Morgan Spurlock, best known for 2004’s controversial Super Size Me, is back with another documentary that rests heavily on one concept: the processes and wrangling behind movie product placement. Spurlock chooses to highlight these processes by funding his movie purely through sponsorships. And so the documentary follows him as he tries to gain these sponsors, with the circular aim of making the audience aware of, and complicit with, the advertising all the way through.
If anything though, these early attempts to gain sponsorships are where Spurlock stumbles because a little too much time is spent in business meetings that are neither funny nor enlightening. Consequently, a lot of time is wasted that could’ve been spent on focusing down to his conclusion that, in the end, lacks the punch of some of his previous work.
But there’s still plenty to like and some of the things he reveals are eye-opening. Anyone not familiar with American television will be astounded at the placement within popular shows and the extent to which TV spots mislead. Equally compelling is Spurlock’s visit to Sao Paulo, where the local authorities have banned any advertising in public places because they see it as “visual pollution”.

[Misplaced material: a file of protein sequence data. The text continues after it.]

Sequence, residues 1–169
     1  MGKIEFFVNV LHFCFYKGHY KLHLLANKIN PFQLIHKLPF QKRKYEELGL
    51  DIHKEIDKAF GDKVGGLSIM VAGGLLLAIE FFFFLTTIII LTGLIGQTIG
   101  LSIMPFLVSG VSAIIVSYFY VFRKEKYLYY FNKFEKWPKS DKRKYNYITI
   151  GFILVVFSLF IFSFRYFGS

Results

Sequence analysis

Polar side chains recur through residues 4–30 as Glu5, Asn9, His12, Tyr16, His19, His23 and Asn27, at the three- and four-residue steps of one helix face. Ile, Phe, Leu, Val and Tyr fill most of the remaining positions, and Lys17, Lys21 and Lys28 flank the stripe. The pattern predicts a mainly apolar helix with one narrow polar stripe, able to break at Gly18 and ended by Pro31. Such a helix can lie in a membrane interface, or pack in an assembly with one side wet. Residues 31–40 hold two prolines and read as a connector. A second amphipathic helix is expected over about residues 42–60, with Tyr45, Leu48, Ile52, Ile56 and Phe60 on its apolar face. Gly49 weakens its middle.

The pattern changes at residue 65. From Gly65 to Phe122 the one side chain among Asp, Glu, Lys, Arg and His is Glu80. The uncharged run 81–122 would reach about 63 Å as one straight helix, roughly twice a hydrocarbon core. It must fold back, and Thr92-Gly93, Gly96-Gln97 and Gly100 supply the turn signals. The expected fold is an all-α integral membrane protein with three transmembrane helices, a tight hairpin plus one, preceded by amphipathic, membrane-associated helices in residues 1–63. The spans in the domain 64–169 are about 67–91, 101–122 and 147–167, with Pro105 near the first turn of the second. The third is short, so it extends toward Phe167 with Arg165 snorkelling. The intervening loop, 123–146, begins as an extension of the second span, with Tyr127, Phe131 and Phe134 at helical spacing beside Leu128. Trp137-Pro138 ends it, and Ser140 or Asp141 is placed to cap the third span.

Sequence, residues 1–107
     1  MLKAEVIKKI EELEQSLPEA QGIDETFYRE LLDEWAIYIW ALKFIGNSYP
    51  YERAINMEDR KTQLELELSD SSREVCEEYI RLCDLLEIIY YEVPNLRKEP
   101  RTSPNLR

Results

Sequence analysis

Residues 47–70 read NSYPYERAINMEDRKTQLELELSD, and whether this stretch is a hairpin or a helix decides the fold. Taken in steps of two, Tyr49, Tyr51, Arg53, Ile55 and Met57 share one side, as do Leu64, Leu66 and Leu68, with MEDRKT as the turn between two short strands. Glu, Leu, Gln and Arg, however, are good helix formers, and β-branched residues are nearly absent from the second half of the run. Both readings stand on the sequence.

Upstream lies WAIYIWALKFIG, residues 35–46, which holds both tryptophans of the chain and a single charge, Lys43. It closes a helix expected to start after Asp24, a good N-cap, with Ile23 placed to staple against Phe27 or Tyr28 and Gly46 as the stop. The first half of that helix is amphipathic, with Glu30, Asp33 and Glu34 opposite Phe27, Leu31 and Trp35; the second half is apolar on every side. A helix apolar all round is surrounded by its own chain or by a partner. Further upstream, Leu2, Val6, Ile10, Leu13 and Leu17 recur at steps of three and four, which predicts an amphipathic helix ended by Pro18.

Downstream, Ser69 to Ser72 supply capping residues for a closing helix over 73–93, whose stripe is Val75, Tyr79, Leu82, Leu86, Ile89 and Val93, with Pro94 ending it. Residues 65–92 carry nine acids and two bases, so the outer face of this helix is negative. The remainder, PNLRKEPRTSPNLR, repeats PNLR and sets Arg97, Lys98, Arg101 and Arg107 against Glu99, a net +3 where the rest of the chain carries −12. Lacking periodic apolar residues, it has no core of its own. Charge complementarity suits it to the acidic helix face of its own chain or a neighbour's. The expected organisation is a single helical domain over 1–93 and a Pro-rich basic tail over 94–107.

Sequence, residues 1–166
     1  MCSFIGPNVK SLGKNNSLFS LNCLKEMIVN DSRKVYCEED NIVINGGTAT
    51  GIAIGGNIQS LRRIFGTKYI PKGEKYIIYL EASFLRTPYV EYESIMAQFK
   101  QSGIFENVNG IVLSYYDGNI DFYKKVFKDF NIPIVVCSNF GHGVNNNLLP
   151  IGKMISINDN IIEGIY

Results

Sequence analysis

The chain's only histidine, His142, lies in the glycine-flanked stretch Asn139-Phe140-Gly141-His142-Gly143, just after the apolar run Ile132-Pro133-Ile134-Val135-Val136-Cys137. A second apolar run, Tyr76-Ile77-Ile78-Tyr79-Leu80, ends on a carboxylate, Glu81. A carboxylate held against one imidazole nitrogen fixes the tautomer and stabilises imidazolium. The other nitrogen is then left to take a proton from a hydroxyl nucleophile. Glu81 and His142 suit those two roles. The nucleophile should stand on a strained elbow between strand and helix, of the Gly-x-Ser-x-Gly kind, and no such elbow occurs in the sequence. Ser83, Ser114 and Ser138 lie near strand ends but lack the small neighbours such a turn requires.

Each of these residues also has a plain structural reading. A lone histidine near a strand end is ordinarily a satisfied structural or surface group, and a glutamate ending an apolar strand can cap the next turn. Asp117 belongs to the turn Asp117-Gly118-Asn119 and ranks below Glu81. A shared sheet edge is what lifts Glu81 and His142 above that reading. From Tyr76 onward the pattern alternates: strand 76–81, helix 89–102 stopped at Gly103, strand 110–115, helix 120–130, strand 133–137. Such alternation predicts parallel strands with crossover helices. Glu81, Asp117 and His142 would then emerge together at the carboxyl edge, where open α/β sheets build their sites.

This is all aided by Spurlock’s engaging presence; he’s always restless with energy and in pursuit of a laugh as well as your interest. He’s also wisely opted for the interview route and so The Greatest Movie Ever Sold features, albeit briefly, interviews with directorial royalty such as J. J. Abrams and Quentin Tarantino. More interesting, however, are the conversations with those inside the industry. The demonstrations of neuromarketing for trailers, a process whereby the advertisers link people up to MRI machines to better understand what makes them tick, is a fascinating pointer to where the world is heading.
Spurlock does well here to inspire thought about the threat advertising can have on the narrative of cinema, but you can’t help but think that his initial lack of focus resigns The Greatest Movie Ever Sold to a much less devastating impact than he would’ve originally hoped for.
Joshua awarded The Greatest Movie Ever Sold three torches of truth.